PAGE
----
While the rest of the world wakes up, puts on a pot of coffee, and scrolls through their Twitter feeds critiquing the latest Met Gala red carpet, New York has a hangover. Monday night's fashion Superbowl offered the best of Catholic-inspired looks, with celebrities split on adhering to the theme, interpreting it in their own ways, or ignoring it altogether. Still, all went according to plan: Rihanna ruled, and the rest more or less came and went.
Though we felt spoiled by a lot last night — you saw that proposal, right? — there was something missing. Months after a Hollywood awards season full of #MeToo statements and Time's Up pins, red carpets that turned black and white (and ball gowns into pantsuits), and a pause on those pesky Who are you wearing? types of fashion questions, red carpet culture is changing. And protest fashion couldn't be more on-trend.
After an evening bursting with visual opulence but bereft of much political discourse, we're left wondering: Why can't we make good on our word to smash the patriarchy? And why, after other cultural shocks to the system — like the Parkland shooting, which saw celebrities calling for increased gun control — was last night's red carpet so...silent? Even in the name of charity and $30k/head tables, why is fashion still giving free passes to designers like John Galliano and Stefano Gabbana, suggesting that bigotry is forgettable? Or worse, fake news?
This is the Met Gala, people — the red carpet of all red carpets, a marble arched runway of fashion that ends in a stairway to couture Heaven (at least this year). Though the Costume Institute's Heavenly Bodies: Fashion and the Catholic Imagination theme focused on the ornate, outward glamour of a fraught religious institution, inspiring the most haute of haute couture from designers like Christian Lacroix, Yves Saint Laurent, and Christian Dior — the event, which could have been the grand finale of a historic and transformative red carpet season, fell woefully short.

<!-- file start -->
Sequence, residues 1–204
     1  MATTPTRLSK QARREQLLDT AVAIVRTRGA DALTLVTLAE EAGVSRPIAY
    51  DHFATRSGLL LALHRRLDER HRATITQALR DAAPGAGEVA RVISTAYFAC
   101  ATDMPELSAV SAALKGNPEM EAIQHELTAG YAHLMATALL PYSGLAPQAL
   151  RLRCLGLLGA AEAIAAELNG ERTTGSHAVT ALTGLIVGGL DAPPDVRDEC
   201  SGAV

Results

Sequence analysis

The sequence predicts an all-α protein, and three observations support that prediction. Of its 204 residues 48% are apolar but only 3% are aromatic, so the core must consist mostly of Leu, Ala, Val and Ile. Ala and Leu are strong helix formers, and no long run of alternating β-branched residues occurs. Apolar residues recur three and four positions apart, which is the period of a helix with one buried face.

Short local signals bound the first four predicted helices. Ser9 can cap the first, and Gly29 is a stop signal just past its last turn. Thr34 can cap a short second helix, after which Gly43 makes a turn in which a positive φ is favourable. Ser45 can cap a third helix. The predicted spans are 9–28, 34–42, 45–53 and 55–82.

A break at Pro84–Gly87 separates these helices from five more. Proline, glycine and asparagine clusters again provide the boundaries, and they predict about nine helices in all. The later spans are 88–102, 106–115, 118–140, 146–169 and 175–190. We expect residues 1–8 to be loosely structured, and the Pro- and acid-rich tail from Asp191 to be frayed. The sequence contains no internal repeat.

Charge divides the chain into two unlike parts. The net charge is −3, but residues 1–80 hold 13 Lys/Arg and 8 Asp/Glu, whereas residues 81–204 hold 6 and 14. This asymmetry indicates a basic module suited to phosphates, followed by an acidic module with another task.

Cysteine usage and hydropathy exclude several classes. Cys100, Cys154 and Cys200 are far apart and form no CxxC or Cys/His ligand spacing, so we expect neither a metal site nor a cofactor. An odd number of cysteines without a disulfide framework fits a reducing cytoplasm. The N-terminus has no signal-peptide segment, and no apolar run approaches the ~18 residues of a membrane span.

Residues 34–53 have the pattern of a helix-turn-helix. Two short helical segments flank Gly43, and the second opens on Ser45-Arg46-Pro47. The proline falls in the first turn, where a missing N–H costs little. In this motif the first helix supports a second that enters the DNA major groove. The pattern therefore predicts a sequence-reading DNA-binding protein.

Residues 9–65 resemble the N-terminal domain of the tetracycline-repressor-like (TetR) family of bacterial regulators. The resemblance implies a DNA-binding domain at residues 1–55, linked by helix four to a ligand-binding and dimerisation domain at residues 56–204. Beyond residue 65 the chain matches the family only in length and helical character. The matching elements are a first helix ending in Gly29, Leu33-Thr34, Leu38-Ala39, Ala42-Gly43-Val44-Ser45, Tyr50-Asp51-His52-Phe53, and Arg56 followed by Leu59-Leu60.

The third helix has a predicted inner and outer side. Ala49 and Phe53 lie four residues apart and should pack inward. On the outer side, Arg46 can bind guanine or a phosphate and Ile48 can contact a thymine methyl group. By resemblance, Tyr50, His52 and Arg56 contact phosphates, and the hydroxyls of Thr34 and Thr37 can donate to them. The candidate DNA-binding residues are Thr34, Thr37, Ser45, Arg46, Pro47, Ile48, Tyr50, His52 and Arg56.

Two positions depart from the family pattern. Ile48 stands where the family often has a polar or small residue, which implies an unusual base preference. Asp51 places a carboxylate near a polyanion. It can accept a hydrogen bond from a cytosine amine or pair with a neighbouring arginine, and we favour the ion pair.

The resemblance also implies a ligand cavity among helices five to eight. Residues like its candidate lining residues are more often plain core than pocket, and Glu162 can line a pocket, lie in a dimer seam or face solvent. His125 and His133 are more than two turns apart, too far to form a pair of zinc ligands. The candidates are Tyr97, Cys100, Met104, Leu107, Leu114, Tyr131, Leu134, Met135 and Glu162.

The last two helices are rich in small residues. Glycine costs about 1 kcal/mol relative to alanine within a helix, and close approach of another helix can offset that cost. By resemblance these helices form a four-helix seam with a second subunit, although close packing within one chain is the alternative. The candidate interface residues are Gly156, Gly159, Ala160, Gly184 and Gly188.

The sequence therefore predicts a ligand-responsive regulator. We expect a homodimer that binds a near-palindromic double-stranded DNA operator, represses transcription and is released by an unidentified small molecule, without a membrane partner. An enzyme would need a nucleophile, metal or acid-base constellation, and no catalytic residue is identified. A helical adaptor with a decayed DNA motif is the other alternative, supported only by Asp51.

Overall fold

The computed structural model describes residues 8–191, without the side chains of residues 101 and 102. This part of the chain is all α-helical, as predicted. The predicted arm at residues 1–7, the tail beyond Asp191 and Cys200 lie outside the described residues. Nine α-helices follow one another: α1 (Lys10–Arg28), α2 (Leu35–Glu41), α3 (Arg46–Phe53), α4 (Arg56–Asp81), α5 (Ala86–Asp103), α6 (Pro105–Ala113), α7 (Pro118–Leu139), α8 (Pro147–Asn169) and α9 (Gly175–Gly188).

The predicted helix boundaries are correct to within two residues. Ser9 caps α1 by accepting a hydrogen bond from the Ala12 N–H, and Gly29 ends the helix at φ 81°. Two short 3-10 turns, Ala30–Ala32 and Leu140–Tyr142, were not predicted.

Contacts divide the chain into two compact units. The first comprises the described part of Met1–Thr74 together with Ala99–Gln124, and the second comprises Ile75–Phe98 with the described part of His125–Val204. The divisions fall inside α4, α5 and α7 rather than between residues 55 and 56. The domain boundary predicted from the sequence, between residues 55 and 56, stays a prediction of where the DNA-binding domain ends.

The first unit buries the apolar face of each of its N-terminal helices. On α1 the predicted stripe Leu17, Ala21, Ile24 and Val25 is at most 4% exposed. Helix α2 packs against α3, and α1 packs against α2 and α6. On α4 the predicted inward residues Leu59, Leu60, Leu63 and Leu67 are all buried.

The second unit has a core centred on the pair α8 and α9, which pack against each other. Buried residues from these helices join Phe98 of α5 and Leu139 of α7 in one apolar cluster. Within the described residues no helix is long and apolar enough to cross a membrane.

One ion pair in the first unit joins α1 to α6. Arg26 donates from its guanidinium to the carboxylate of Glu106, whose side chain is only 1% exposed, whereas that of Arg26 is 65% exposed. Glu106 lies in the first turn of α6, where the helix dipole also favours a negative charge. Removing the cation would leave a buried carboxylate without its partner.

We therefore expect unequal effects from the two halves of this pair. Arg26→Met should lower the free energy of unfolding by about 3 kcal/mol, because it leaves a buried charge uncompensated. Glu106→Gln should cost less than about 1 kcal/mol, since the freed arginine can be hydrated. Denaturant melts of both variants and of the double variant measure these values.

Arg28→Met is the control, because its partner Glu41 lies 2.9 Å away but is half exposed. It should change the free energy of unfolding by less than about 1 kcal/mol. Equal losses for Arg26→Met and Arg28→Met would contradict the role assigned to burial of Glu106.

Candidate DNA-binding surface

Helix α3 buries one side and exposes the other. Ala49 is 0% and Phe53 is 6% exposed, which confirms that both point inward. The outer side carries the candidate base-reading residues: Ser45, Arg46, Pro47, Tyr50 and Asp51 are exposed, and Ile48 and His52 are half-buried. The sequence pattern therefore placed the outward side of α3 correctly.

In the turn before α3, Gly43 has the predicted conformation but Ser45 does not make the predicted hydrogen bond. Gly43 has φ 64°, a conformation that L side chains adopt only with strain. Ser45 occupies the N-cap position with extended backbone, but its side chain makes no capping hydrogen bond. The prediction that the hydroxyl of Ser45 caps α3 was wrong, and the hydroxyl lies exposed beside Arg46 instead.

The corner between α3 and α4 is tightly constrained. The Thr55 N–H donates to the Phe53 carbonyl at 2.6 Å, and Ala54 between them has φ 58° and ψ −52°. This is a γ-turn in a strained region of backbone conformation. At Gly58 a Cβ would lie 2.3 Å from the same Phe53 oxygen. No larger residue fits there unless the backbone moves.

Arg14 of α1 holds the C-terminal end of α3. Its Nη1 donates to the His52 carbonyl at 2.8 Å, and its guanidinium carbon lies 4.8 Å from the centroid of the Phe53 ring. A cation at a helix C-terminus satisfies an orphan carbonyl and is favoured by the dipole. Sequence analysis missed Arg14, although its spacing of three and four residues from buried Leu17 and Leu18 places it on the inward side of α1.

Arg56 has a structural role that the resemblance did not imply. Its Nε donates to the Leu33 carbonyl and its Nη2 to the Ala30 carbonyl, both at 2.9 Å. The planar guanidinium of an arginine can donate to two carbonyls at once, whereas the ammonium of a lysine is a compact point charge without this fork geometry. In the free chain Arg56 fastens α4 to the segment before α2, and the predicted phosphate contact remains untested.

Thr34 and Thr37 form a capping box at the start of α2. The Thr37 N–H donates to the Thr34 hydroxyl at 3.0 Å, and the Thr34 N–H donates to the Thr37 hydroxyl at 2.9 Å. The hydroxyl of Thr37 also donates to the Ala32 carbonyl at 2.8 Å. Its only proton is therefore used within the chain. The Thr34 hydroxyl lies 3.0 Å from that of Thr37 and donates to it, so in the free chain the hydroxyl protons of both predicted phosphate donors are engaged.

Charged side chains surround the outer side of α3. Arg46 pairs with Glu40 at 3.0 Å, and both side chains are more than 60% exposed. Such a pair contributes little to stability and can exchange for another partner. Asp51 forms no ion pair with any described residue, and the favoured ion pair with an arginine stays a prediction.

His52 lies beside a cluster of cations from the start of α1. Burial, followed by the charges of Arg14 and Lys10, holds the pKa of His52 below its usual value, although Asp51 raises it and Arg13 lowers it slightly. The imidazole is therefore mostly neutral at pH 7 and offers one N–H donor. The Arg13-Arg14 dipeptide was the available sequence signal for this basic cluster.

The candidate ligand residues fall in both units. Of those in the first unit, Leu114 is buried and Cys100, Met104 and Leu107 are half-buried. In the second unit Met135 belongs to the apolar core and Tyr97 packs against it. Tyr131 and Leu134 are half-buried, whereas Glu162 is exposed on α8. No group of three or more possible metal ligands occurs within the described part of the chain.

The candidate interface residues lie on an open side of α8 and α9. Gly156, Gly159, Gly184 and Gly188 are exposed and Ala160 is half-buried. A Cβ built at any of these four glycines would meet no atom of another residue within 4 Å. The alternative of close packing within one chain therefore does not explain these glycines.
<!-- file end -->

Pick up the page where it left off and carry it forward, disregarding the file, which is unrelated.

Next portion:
Frustratingly, the theme itself set the scene for at least a happy medium between fashion-fashion and fashion-with-a-purpose. Hell, not even Gaultier-clad Madonna added any shock value to the night outside of a "surprise" performance that paid homage to her lifelong love-hate relationship with the Catholic church. In fact, the most political last night got was when Lena Waithe stepped out in a custom rainbow cape by Carolina Herrera. When asked why she sported the prideful getup, The Chi creator said, "It's like my skin. I'm proud to be in it and put the community on my back to make sure they know I got 'em all the time." Scarlett Johansson's tulle Marchesa number also served as our first look at the tainted luxury brand post-Weinstein, but whether it was in subtle support of the movie mogul's estranged wife or a simple style choice wasn't explicitly stated.
Though these moments didn't go unnoticed, wouldn't it have been cool to see designers bringing activists as their dates? They post enough images of them on their personal Instagrams, after all, and have grown increasingly woke in their collections in recent years; we thought there'd at least be gestures similar to those we saw at the Golden Globes or the Oscars. What about ribbons? White roses? What happened to standing in solidarity instead of (Catholic) spirituality? The for-once-meaningful red carpet interviews calling for social justice and positive change? A reprise of #BoycottDolceandGabbana? The gap between what did happen versus what could have happened stretched longer than the Museum Mile.
As the fashion industry confronts its own inner demons, such as the depths and decades of sexual harassment in the worlds of modeling and photography and an imbalance of diversity of all kinds, it's time to use our biggest platform (outside of Instagram) to separate alternative facts from hard, painful truths. The Met Gala may also be fashion's most fun night; yes, there's humor to be found in a gathering of the richest people in the world strutting around a museum after-hours essentially dressed in drag. But when will the industry, much like the Catholic Church, stop covering up its secrets and, finally, tell the truth?